Aguilar de Campoo (Castile y Leon), Spain July 2021

Yep. The heat had got to the dogs and, if I’m honest, to Vanya and I also. We simply cannot take it like we used to. We checked a Google weather map for destinations where it is likely to be both cooler and dry and then headed off up the A67 to the Asturian coast to a place not far from Lannes (Vanya had found an interesting looking campsite on Novales Cove).

We hadn’t planned on stopping at Aguilar de Campoo (we simply needed a stop to take lunch and buy a few general provisions) and we very nearly turned back to the motorway as the road to the town began to lead us through a large scruffy industrial complex of factories and warehouses. However, a small 12th century castle overlooks the town and it’s presence suggested there could actually be more to Aguilar de Campoo than factories and warehouses and so we continued into the town… and we were pleasantly surprised.

Having parked the Van we passed over a small bridge and into the town through an old town gate on to the Plaza Espana (the Spain Square, although in truth it is more of a Spain rectangle than a square). The collegiate Church of San Miguel fills one side of the rectangle and the other three sides are arcaded. It is very pretty.

There was a service underway in the church and, leaving the dogs with Vanya, I popped inside to take a few surreptitious photos. That was a mistake. It is one thing trying to sneak a few sneaky photos in a normal church service but quite another when it is a funeral. I hadn’t spotted the (silver coloured) hearse parked at the entrance to the church. Whoops! We beat a hasty retreat to the other end of the plaza. Well, I did.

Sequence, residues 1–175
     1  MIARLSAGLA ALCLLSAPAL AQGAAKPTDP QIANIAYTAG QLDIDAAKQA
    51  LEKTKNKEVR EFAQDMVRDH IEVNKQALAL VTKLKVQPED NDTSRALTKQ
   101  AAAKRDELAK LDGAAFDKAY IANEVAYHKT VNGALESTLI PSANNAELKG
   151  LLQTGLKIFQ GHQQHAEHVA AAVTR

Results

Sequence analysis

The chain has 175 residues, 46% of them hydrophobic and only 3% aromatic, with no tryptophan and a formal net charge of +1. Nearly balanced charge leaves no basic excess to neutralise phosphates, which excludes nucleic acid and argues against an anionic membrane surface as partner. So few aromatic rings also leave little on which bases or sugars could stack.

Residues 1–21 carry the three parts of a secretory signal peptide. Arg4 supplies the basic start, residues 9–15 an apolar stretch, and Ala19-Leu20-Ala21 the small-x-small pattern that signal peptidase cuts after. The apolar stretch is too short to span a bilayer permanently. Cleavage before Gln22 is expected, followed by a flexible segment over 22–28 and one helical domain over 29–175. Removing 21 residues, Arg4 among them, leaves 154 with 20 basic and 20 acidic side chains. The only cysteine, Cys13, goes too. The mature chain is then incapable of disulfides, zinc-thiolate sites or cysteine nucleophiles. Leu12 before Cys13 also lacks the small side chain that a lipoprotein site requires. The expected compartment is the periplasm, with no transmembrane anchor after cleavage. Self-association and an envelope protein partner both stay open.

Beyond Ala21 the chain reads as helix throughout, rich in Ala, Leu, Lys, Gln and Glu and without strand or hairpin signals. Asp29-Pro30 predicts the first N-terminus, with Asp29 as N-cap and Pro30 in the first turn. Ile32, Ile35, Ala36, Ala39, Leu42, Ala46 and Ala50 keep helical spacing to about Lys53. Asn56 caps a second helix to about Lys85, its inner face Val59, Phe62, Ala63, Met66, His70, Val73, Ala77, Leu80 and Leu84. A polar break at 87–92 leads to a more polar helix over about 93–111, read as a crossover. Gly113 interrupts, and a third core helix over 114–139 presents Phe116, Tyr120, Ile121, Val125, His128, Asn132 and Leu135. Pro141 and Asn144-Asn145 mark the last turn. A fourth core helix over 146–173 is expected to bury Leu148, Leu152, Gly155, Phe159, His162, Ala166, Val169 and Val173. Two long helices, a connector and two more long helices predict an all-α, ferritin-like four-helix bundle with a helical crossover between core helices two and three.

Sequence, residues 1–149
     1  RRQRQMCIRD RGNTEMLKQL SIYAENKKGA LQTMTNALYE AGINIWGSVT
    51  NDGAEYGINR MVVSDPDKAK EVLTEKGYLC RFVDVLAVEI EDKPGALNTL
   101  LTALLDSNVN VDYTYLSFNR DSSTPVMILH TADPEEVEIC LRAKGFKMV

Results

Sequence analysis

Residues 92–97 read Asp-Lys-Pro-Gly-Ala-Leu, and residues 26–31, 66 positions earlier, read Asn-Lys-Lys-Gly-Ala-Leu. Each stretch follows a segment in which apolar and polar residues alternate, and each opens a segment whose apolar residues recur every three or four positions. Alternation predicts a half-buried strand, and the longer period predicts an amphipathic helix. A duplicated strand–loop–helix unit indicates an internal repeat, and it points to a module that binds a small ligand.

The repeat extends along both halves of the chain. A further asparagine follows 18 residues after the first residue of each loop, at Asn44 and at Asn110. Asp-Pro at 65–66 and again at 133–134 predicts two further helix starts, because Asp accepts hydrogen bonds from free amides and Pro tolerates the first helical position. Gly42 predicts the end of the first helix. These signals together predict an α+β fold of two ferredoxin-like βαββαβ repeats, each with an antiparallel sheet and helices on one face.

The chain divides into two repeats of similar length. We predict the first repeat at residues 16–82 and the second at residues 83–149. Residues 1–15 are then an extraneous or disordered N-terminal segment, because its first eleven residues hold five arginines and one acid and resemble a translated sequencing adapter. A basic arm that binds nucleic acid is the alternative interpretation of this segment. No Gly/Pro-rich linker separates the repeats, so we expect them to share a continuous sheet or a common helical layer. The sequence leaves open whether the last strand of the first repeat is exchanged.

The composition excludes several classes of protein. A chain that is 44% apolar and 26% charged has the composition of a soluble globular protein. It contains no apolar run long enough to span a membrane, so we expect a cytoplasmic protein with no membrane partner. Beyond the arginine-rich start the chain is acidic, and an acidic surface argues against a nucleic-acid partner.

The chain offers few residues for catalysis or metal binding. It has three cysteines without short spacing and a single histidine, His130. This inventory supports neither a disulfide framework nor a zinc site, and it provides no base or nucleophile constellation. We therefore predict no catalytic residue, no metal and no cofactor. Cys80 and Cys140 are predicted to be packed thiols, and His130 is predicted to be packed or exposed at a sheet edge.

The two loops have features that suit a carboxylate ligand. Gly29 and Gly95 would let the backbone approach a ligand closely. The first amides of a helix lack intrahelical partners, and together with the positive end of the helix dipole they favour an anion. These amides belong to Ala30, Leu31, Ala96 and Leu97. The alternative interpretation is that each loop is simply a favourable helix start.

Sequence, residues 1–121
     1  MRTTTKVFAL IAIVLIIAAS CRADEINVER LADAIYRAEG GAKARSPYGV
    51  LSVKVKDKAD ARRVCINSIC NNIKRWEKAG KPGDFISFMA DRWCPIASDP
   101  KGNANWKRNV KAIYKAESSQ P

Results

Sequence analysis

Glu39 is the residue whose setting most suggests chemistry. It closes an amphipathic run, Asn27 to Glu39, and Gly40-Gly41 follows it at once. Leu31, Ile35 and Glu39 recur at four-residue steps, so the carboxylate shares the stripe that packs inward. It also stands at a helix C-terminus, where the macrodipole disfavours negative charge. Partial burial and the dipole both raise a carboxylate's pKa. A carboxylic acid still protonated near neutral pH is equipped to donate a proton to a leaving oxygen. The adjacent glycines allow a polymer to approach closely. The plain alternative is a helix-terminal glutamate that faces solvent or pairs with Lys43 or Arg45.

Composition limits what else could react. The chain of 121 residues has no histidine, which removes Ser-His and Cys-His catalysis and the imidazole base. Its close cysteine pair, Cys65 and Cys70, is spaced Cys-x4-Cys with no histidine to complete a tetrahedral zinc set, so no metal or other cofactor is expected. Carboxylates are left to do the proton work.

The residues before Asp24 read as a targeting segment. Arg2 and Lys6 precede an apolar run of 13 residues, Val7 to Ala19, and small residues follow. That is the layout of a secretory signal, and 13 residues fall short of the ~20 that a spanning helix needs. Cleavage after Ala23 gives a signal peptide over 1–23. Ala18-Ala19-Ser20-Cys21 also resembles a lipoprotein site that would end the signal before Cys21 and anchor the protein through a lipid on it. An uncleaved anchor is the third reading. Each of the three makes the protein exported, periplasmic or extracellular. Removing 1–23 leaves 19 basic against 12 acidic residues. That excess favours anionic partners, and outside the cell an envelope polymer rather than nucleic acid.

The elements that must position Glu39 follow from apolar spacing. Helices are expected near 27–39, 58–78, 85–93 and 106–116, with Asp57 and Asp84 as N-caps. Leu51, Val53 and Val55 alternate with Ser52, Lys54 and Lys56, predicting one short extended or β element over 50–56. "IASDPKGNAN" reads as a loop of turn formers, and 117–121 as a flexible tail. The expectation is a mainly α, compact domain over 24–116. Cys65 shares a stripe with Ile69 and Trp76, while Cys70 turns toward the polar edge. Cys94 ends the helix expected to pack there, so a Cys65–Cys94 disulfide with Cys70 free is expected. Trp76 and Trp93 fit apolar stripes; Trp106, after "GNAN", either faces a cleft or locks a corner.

There is a decent sized park behind the Plaza Espana and we took the dogs there such that they could exercise and yet stay cool under the park trees. We didn’t know it at the time but, in amongst the trees and flower beds, there is a series of muddy irrigation canals (fed by the River Pisuerga) which very much resemble a swamp. It was inevitable that, despite our screaming, admonitions, ultimatums and threats, the dogs would chose to cool off in these particular bogs and within moments they were an absolute mess. Bastard Whoops!!

We had stopped at Aguilar de Campoo because we were hungry and wanted to take lunch. Lunch however was postponed while we walked the dogs around the town until they had stopped shaking mud all over the place and had at least half dried off.

We got there in the end.

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